On the Sidelines, They Score Fashion Points

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The workplace is hot, muggy, even a little stinky. The job involves pacing, shouting, squatting, and jumping up and down.

So why, pray tell, are women’s basketball coaches wearing silk suits and designer pumps on court?

Because big-time college athletics, they say, is no place for dressing down.

“Most coaches I know are conscious of their dress,” says Vivian Stringer, coach at Rutgers University in New Brunswick, N.J. “When you talk about ‘dress for success,’ that indicates something special is about to take place. You pay respect to the event by the way you present yourself.”


That fashion consciousness, coaches say, is also due in part to an increasing interest in women’s basketball--and women’s sports in general. They’ve been slowly gaining on the men in media exposure, including television, and in some parts of the country, the local turnout is better for women’s games than men’s.

Women’s basketball is particularly big at the University of Washington, where head coach Chris Gobrecht, 40, has led the Huskies to the National Collegiate Athletic Assn. tournament nine times in the past 10 years. She believes in dressing for a game as a CEO would for a stockholders’ meeting.

“I think it’s so important to make the statement that we take this seriously,” Gobrecht says. “To bring across the attitude that this is big time, that it’s special to the fans and the players.

“I don’t know if I could put the nylons on and go to work every day, but at game time it’s the one time you get to get really dressed up. It’s . . . show time.”

For Gobrecht, that means choosing among skirt and jacket combinations, most in the $300 to $700 range, though a few of her outfits cost $1,000-plus.

“There’s no question I’ve ruined many a good suit hugging sweaty bodies after games,” she says. But “I don’t think my wardrobe is off the chart or any more unusual than any businesswoman’s.”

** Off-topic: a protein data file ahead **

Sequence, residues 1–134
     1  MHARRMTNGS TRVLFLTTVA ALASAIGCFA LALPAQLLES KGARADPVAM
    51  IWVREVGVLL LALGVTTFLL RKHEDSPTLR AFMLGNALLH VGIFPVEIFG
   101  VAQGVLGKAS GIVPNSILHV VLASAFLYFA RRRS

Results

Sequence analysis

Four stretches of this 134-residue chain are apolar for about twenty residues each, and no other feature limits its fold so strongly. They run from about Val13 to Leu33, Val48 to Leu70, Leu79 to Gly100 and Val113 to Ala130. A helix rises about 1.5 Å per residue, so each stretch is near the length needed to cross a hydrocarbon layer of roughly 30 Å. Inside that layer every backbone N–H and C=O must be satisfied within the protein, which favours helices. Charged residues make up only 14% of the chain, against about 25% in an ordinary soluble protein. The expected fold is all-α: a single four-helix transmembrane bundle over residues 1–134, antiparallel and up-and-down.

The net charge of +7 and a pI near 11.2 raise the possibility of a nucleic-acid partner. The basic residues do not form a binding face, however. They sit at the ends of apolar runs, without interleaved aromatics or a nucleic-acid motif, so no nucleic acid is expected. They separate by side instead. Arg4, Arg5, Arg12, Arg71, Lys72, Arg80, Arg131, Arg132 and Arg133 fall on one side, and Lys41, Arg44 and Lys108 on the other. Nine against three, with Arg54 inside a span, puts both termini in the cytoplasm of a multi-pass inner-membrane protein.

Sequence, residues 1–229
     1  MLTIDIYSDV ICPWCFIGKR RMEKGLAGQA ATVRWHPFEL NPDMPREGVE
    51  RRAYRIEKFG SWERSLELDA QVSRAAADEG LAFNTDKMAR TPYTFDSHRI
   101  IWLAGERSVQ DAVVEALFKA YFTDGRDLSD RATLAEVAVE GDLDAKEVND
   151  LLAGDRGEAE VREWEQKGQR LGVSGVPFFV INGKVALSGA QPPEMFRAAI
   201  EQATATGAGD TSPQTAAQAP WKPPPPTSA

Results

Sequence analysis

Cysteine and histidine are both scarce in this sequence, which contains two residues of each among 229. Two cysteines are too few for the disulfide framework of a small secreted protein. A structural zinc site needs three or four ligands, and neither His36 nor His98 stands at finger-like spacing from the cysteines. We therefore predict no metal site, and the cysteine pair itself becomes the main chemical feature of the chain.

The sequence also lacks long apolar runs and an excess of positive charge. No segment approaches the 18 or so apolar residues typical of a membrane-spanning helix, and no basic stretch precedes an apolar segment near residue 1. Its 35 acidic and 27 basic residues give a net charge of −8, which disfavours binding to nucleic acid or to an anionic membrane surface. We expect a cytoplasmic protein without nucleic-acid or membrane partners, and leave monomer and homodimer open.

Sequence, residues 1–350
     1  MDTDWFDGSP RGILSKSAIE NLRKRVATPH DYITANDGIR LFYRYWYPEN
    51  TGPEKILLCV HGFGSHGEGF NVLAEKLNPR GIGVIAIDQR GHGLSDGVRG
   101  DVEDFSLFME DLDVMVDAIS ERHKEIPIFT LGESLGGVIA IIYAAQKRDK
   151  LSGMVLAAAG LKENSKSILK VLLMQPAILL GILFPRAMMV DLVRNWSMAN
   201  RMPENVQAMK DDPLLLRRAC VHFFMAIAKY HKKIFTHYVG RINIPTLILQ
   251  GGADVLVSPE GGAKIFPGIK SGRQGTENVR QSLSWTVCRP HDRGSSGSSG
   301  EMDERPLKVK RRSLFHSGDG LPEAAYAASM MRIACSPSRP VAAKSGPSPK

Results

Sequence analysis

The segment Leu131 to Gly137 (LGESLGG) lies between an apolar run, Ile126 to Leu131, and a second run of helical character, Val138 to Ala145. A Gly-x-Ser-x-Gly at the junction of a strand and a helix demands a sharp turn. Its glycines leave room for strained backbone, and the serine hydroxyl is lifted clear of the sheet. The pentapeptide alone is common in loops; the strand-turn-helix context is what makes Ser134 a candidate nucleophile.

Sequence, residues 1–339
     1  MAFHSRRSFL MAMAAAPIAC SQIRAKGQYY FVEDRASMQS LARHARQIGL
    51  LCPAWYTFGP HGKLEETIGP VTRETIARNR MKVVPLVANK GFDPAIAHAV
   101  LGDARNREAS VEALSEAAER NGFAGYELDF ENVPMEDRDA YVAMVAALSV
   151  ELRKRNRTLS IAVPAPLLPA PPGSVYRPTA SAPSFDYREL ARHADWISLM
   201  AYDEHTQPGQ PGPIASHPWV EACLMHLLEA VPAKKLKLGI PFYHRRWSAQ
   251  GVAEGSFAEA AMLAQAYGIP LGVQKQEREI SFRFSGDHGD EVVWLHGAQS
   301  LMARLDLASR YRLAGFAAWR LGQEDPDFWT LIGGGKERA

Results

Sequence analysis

Stringer, of Rutgers, agrees. Wearing nice clothes--she buys hers at Lord & Taylor--boosts self-confidence, she says. That’s why, in 23 years of coaching, a team dress code has always been enforced. Jolette Law, who played for Stringer at the University of Iowa and now is her assistant coach, says Stringer’s players are expected to wear skirts or dresses and hosiery before and after games and while traveling.

“She says in order to feel good, you’ve got to look good,” says Law.

Debbie Ryan, head coach at the University of Virginia, prefers a more casual look. She shops exclusively at Talbots in Charlottesville. So, apparently, do many of her fans. Last year, after she wore a navy sweater with multicolored stars on game day, the store was deluged with requests for “the sweater Debbie Ryan wears.”

Wake Forest head coach Karen Freeman shops for silk or silk blends at Ann Taylor. “I wear things that are comfortable to coach in, but not overly feminine or froufrou,” says Freeman, who prefers dressy pants to skirts.

“I’m a pacer. I like to walk, squat down, get in the huddle,” she says. “So a skirt, for me, would be a disaster.”

Disaster? Try coaching in a wrap skirt, as Gobrecht once did in a nationally televised game. The skirt came untied and she didn’t notice until it was almost too late.

“The trainer ran up and said, ‘You better sit down,’ ” Gobrecht says. “There was only one button between the world and my nylons.


“That outfit has been retired. I mean, never again.”